How fast can they Build?
There are only a handful of major manufacturers of tanker cars in the United States including American Railcar (NASDAQ:ARII), Greenbrier Companies (NYSE:GBX), and Trinity Industries. All of these major players have participated in the rising demand for tanker cars over the last three years and have seen impressive market returns as a consequence, but Trinity Industries remains the most undervalued by most market metrics and it is poised for sustained and robust growth.
Trinity's Staggering Growth and Share Appreciation
Earnings: Current and Future
The rapid pace of Trinity Industries 2013 and 2014 Revenue and EPS growth has both delighted and surprised investors and industry analysts who have been forced to revise both earnings estimates and target prices for the stock each of the last three quarters. Current consensus projections put Trinity's 2014 EPS at $7.48 per share, up from $4.67 per share in 2013. This nearly 60% growth in earnings is expected to moderate or even decline in 2015 due to anticipated declines in capital expenditures across Trinity's highly cyclical businesses. Yet the company's record backlog of railcar orders (currently valued at $5.2 billion) may suggest that current 2015 forecasts are overly pessimistic.
(Source Yahoo Finance)
Stock Performance and Shareholder Rewards
Shares of Trinity Industries have seen a rise from 2013-2014 even more dramatic than the company's EPS growth over the same period. Shares of Trinity have risen some 118% over the 16 and a half month period from January 2013 to mid-May 2014. Recently Trinity announced a 2 for 1 stock split and a 33% increase in the company's quarterly dividend in a bid to generate shareholder value. (Note: The effect of a 2 for 1 split is purely psychological as it does not materially effect the value of shareholder's stake in a company)
(Source: Yahoo Finance)
Despite the dramatic rise in Trinity's share price, the company is slightly undervalued to fairly valued based on nearly all common market metrics including trailing and forward P/E, Price to Book, Price to Sales, and Price to Cash flow. When compared to its industry peers the company's current share price seems substantially undervalued by between 10% to 15%. The median analyst price target for the stock is $87, or about 8% above its current market value.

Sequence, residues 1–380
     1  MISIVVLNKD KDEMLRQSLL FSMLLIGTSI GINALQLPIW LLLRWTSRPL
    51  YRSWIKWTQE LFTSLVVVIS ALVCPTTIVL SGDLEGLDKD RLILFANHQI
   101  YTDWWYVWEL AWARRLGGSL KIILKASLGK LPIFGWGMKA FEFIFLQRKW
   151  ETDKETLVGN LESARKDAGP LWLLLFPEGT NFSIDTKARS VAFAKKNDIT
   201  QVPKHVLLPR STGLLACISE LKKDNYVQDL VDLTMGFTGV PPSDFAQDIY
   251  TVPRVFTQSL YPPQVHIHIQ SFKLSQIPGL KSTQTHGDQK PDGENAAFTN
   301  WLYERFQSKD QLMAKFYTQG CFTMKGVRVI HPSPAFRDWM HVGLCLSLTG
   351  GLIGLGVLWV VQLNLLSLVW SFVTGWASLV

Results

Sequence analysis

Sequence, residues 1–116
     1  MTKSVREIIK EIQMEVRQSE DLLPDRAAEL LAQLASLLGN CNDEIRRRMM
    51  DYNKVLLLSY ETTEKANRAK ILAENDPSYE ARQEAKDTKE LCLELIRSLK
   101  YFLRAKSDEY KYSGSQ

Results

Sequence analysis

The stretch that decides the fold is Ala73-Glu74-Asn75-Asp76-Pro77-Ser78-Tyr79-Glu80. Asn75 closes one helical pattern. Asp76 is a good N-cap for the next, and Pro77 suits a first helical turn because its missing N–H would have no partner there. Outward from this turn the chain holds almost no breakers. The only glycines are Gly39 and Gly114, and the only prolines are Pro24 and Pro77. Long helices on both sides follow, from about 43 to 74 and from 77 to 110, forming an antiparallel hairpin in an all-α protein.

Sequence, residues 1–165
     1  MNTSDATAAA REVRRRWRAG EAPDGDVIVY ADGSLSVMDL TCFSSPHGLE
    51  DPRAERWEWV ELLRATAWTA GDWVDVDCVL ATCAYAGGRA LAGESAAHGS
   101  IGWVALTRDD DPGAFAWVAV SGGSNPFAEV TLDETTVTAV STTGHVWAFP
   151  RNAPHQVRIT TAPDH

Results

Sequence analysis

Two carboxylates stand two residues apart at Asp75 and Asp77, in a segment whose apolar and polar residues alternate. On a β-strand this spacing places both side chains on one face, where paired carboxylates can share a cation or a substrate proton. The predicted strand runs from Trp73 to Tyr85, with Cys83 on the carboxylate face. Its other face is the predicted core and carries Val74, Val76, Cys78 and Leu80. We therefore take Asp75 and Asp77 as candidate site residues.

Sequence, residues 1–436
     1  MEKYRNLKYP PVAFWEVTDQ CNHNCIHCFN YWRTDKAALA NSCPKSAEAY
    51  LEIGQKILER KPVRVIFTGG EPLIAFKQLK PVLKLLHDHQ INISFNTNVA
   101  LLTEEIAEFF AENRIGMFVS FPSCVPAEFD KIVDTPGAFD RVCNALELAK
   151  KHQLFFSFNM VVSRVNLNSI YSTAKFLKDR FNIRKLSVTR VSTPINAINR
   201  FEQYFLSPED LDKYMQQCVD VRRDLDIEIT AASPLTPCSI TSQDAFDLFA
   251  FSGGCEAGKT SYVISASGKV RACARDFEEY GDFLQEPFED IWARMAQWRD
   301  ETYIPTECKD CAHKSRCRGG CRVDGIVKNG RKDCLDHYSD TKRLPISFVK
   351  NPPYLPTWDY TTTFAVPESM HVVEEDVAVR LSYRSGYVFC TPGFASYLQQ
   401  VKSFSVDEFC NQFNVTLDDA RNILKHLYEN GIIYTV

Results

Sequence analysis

(Source: Fidelity Investments)
(Source: Yahoo Finance)
A Long Run on the Rails
Trinity's share price has more than doubled over the past 16 months, but the company is at best fairly to slightly undervalued in the near term and is dramatically undervalued in the long term. The cyclical nature of Trinity's earnings is very likely to moderate over the next several years as the company has emphasized growing its railcar leasing business that provides a more stable stream of revenue than pure sales of industrial products. The longer term outlook for Trinity is very strong as the macro trends of North American domestic oil and gas production and a shift to rail transport in general drive demand for their railcar business. In addition, Trinity's other businesses are also well positioned to benefit from the inevitable repair and modernization of the U.S. highway, bridge, and renewable energy (wind) infrastructure.
Trinity Industries is well positioned to take advantage of several macroeconomic themes in the United States to grow revenue and earnings over the long term. While a recent and dramatic rise in share price coupled with medium term cyclical headwinds likely make the stock fairly to slightly undervalued, it is a strong long term play and should be considered by investors as an important potential addition to a diversified portfolio.
Disclosure: I am long TRN. I wrote this article myself, and it expresses my own opinions. I am not receiving compensation for it (other than from Seeking Alpha). I have no business relationship with any company whose stock is mentioned in this article.